Dreaming of a College Scorecard that really cares

The College Scorecard will not change anything. This is perhaps the most disappointing realization for prospective students. Many of the items that students can now access were already available through the College Navigator system hosted by the National Center for Education Statistics. True, the difference is that now prospective students (a.k.a “consumers” in the increasingly marketized higher education landscape) can also peruse alumni earning outcomes years after they have left college. If, as President Obama proclaims (and we think he is sincere in his beliefs) — that the purpose of the College Scorecard is to provide helpful information for prospective students — then the product seems to fall short of its promise. The College Scorecard is a potential boon for educational researchers who will be eager to disaggregate institutions’ alumni incomes, but perhaps it falls short for prospective students who have been the intended audience for the College Scorecard since its inception.

{mosads}We do not believe that the architects behind the College Scorecard envisioned it as a panacea for prospective college students’ questions and confusions. Instead, we admire the College Scorecard as a helpful first step for individuals seeking a sleek and visually appealing repository of information. But the College Scorecard is insufficient if we do not provide prospective students with the critical literacy around data consumption. Like so many others have stated, educational data must be understood in the context of each institution’s landscape. Otherwise, the College Scorecard risks merely replicating the same elitist ideals around college attendance; namely, that the only institutions worth attending are the ones where privilege already abounds.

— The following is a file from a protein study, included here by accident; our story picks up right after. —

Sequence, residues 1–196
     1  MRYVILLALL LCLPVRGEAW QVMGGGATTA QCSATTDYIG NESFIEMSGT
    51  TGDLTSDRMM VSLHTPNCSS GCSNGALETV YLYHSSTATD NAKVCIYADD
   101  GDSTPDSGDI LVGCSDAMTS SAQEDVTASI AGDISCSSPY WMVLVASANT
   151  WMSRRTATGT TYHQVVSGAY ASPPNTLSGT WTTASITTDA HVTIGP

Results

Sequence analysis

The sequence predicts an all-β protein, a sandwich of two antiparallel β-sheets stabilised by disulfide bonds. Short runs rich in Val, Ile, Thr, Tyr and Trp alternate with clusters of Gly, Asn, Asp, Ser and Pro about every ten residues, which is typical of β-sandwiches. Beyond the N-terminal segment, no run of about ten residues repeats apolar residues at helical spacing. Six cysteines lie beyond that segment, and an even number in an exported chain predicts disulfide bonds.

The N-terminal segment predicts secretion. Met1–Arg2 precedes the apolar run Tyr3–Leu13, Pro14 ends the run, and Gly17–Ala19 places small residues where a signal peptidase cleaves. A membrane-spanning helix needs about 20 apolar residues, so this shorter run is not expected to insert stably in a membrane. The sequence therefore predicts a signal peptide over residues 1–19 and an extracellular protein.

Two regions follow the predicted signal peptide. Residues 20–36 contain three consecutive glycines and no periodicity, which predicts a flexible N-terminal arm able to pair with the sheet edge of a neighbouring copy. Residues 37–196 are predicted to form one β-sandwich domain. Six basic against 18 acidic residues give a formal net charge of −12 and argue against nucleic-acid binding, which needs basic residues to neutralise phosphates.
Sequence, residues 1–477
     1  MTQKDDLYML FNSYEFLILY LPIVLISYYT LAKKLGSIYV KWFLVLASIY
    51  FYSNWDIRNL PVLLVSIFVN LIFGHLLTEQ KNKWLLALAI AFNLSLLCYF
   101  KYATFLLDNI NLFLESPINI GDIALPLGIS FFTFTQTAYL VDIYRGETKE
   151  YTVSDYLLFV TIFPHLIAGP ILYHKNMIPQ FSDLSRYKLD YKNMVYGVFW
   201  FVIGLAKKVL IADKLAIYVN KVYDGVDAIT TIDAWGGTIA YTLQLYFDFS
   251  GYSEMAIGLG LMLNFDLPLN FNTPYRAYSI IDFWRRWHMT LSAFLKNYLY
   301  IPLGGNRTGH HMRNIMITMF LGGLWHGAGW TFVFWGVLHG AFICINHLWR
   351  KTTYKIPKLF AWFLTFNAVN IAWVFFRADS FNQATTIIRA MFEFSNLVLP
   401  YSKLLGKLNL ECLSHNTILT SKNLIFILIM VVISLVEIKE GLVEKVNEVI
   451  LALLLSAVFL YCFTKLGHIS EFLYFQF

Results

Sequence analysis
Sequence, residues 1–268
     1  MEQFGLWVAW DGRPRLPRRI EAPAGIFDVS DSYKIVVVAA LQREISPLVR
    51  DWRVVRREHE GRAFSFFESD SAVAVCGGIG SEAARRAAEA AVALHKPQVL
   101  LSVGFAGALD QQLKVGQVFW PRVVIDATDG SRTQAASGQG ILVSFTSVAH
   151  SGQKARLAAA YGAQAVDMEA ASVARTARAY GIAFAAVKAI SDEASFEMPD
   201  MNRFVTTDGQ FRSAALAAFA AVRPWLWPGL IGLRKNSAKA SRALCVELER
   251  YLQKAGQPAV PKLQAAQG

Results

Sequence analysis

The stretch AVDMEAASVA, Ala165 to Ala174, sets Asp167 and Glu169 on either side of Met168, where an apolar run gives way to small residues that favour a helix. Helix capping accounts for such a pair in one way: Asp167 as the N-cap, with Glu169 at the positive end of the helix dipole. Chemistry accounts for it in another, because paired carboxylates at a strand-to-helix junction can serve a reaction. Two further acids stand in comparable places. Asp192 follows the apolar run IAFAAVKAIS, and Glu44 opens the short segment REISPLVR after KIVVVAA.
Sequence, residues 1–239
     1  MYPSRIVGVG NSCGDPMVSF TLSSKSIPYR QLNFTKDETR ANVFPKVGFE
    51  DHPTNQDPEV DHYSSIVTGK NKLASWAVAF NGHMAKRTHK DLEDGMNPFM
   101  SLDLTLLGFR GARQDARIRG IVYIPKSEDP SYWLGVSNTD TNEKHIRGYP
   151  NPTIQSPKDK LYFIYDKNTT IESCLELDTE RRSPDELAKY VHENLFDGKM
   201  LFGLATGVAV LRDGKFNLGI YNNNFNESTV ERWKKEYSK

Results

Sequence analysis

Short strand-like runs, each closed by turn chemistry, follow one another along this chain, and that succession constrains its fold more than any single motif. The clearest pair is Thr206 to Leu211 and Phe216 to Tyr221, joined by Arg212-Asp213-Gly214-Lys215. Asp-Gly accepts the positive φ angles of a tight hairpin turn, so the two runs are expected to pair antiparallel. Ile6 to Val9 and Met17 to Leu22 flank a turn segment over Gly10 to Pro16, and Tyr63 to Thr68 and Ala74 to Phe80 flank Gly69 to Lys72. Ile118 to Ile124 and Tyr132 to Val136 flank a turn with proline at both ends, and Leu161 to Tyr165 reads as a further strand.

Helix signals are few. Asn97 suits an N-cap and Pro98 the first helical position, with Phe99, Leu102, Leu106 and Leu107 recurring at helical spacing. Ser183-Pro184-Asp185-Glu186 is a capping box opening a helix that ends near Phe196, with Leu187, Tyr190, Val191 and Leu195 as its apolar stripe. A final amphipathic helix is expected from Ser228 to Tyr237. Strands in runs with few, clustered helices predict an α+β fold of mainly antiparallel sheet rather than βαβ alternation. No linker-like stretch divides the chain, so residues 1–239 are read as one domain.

The College Scorecard has the potential to further demonstrate a unique aspect of the United States’ postsecondary sector: the diversity of institutions available for students. Minority Serving Institutions (MSIs) are a specific cohort of institutions with laudable missions as they strive to educate populations that have been left underserved for far too long. Unfortunately, the College Scorecard does a disservice to the missions of MSIs by continuing to apply narrow metrics to define student success.

We are, however, heartened by one aspect about the College Scorecard’s design: its inclusion of MSIs as a searchable subset of institutions. At the Penn Center for Minority Serving Institutions, we endeavor to use these data to continue centering the conversation on students’ experiences. Our next step is to reimagine new metrics for students to use in their decision-making process. What might it be like if we had a College Scorecard that also sought to understand how many first-generation students persist through completion? Or, what if metrics captured institutions’ partnerships with local communities? Or, what if we could identify colleges with innovative resources devoted to minoritized populations? We will begin to address these ideas in an upcoming symposium on Return on Investment at Minority Serving Investments in December 2015 and invite others to join us in this conversation.

Samayoa is a Ph.D. candidate and research assistant at the Penn Center for Minority Serving Institutions at the University of Pennsylvania. Gasman is professor of higher education at the University of Pennsylvania and director of the Penn Center for Minority Serving Institutions. 

Tags College Scorecard National Center for Education Statistics

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